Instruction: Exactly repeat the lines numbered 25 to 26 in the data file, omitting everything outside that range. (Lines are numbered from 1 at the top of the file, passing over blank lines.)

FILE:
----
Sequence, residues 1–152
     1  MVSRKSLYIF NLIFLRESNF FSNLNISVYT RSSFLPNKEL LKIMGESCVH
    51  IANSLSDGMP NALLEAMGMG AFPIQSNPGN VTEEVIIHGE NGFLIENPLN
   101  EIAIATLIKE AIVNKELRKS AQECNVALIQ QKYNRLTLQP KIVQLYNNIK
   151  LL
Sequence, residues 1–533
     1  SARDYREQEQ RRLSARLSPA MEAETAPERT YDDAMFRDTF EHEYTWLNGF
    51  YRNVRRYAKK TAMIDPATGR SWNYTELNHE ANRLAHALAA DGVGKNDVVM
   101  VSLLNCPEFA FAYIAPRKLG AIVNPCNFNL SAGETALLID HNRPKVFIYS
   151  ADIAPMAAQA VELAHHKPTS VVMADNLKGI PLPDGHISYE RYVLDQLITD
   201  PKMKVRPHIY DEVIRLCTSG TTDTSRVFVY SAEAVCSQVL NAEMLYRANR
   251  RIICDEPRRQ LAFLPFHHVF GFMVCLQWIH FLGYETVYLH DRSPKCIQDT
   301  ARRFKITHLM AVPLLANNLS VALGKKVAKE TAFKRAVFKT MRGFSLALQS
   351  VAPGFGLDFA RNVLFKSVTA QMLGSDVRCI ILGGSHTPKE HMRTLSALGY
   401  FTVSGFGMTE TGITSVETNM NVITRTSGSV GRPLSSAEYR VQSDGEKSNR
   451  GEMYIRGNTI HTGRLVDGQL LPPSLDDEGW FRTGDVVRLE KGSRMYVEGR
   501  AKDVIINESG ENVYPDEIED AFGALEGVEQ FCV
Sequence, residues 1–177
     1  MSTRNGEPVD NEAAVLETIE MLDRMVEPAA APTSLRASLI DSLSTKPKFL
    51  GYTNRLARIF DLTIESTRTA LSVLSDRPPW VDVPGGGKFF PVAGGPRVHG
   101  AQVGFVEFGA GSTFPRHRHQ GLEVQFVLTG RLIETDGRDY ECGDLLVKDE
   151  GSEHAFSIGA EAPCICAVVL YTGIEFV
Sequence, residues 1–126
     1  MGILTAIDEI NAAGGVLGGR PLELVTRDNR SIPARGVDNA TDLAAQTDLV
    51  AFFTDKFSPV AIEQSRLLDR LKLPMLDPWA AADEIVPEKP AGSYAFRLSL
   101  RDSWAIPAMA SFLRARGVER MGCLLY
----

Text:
    51  AFFTDKFSPV AIEQSRLLDR LKLPMLDPWA AADEIVPEKP AGSYAFRLSL
   101  RDSWAIPAMA SFLRARGVER MGCLLY